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Renewable Energy, Alternative energy, New energy, Solar, Geothermal, Wind
henrietta
post Posted: Apr 30 2020, 06:35 PM
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Got my new 9.9 kW system turned on today. 27 panels, 2 inverters, 2 phase power . Hopefully it will pay for itself in a few years.

Cheers
J



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"Sometimes I sits and thinks, and sometimes I just sits." Satchel Paige

"No road is long with good company." Traditional
 
nipper
post Posted: Apr 30 2020, 01:52 PM
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Australia's grid could handle a huge leap in renewable power by 2025

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Australia's main electricity grid will be able to accommodate up to 75 per cent renewable energy as soon as 2025, a higher share delivered sooner than the most optimistic previous assessments. Such a leap in renewable power on the grid could be managed by changes in market rules and regulations, the Australian Energy Market Operator, which manages the nation's energy system, has said in a new study.

“Australia has the technical capability to operate a power system where three-quarters of our energy at times comes from renewable energy resources," Audrey Zibelman, AEMO's chief executive, said. The tumbling cost and speed of building new solar and wind farms has already helped expand clean energy's share to about a quarter of the National Electricity Market. As recently as February, the Energy Security Board was predicting clean energy's share of supply would be 40 per cent by 2030.

On Easter Saturday, renewables' share of the NEM - which provides power to about 80 per cent of the population - topped 50 per cent. There have been concerns that Australia's grid, which was designed to connect to a handful of large scale generators, would not cope with the array of solar panels and wind turbines.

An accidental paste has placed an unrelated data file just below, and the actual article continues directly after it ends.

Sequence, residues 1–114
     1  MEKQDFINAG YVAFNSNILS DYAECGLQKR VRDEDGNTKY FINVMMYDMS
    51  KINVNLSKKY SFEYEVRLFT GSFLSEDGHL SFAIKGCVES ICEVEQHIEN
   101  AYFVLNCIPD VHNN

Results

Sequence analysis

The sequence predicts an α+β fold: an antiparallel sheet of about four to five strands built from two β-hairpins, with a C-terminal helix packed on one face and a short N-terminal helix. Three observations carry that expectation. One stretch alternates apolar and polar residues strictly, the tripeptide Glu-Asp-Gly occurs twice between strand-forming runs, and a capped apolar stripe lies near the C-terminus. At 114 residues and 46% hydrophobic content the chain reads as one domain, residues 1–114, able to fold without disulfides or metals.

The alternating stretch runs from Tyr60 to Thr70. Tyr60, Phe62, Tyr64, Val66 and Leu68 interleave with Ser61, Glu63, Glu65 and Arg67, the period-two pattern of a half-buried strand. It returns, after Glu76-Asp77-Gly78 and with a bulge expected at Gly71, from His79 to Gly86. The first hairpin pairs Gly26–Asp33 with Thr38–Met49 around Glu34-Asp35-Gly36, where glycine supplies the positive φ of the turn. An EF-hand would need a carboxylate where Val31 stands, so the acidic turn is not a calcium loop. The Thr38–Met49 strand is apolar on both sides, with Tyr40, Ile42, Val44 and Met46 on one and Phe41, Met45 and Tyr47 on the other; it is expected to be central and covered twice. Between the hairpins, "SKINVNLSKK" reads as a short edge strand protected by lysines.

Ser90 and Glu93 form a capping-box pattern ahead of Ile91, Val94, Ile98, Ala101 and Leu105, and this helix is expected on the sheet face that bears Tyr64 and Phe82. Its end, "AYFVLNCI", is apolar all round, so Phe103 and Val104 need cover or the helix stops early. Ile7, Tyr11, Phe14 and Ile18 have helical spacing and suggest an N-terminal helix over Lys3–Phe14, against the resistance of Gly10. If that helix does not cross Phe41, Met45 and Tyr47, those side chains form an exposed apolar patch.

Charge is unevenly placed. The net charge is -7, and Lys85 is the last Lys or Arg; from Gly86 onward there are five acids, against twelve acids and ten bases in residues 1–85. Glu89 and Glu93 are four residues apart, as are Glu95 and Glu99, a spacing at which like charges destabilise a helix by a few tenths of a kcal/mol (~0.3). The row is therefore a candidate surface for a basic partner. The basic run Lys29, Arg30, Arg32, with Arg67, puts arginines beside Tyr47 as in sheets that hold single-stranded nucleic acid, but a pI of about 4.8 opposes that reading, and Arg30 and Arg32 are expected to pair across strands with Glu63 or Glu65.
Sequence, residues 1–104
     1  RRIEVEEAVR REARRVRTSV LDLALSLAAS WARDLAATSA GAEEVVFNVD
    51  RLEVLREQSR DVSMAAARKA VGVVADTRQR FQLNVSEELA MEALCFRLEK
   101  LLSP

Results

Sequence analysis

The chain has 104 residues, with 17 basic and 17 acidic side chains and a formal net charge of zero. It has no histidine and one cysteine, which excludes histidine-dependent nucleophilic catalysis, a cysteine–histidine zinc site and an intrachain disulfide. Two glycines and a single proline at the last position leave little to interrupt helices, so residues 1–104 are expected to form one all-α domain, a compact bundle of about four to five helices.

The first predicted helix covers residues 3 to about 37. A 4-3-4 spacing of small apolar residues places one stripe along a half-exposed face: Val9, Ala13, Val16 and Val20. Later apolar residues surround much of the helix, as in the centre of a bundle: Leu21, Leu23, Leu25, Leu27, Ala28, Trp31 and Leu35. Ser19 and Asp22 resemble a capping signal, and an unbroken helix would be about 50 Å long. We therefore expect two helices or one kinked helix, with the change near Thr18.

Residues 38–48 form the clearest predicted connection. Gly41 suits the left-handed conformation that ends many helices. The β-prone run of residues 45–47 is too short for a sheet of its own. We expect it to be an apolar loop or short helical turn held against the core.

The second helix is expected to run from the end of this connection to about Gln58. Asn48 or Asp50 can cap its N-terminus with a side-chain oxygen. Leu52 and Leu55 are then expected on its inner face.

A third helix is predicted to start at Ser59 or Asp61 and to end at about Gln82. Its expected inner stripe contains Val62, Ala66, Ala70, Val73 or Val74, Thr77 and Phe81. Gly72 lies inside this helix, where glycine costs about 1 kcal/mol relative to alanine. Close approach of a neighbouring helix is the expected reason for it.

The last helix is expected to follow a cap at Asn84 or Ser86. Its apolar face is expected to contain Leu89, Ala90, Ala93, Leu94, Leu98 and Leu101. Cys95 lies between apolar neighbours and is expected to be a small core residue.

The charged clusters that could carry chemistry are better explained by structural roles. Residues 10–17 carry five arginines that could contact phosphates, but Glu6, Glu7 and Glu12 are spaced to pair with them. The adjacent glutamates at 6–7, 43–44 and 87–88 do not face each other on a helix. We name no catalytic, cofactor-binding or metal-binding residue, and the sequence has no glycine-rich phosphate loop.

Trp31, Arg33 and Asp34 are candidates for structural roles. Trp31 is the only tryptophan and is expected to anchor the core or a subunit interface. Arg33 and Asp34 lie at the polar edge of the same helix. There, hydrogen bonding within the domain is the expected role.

But in the new report, AEMO says it believes careful regulation of power generation can overcome these concerns. Achieving the three-quarter share will need changes in markets and regulation otherwise AEMO will have to impose curbs on renewable energy to ensure grid stability, Ms Zibelman said. If such adjustments don't happen, "AEMO will be required to curtail the contribution of these wind and solar resources to 50 or 60 per cent of their potential even though they are the lowest cost way of providing electricity", she said.

Energy and Emissions Reduction Minister Angus Taylor said Australia was installing renewable energy at 10 times the global rate on a per capita basis but AEMO's report highlighted challenges of maintaining that pace. Mr Taylor said renewables had to be complemented by instantly dispatchable energy "such as a gas-fired power station [that] will be crucial to maintaining the security of any large power system".

AEMO earlier this week revealed more about its view of the future grid in a note to stakeholders about the role technologies such as pumped hydro and batteries will play. The cost of building new transmission lines has risen about 30 per cent compared with initial estimates in its Integrated System Plan (ISP). For new gas-fired plants, the cost blowout is in the order of 30-60 per cent, AEMO said.

Pumped hydro, which is seen as an important back-up for renewable energy, could turn out to be 50 per cent more expensive than estimates in its draft ISP.

"[I]t was recognised that there are higher risks and barriers to investment in pumped hydro compared to other forms of storage, as evidenced by the higher number of utility-scale battery projects currently being planned across the NEM," AEMO said. Big battery costs may be 30 to 40 per cent cheaper than earlier forecast.

Despite those revisions, an AEMO spokesman said they did "not apply to the Snowy 2.0 project", the $5 billion-plus plan announced by the Turnbull government to expand Snowy Hydro's existing capacity.

"[T]he pumped hydro cost increases referred to in the ‘progress update on 2020 ISP’ only apply to future, and as yet uncommitted, pumped hydro projects in mainland Australia," he said. "The [AEMO] changes suggest a scenario or sensitivity without Snowy 2.0 is even more worthwhile to investigate than it already was," said Dylan McConnell, an energy expert at Melbourne University. "The 2018 ISP essentially showed Snowy 2.0 crowded out other storage options," he said. "Assuming this is the case - and the cost updates are accurate - then Snowy 2.0 is more unlikely to be the least-cost solution."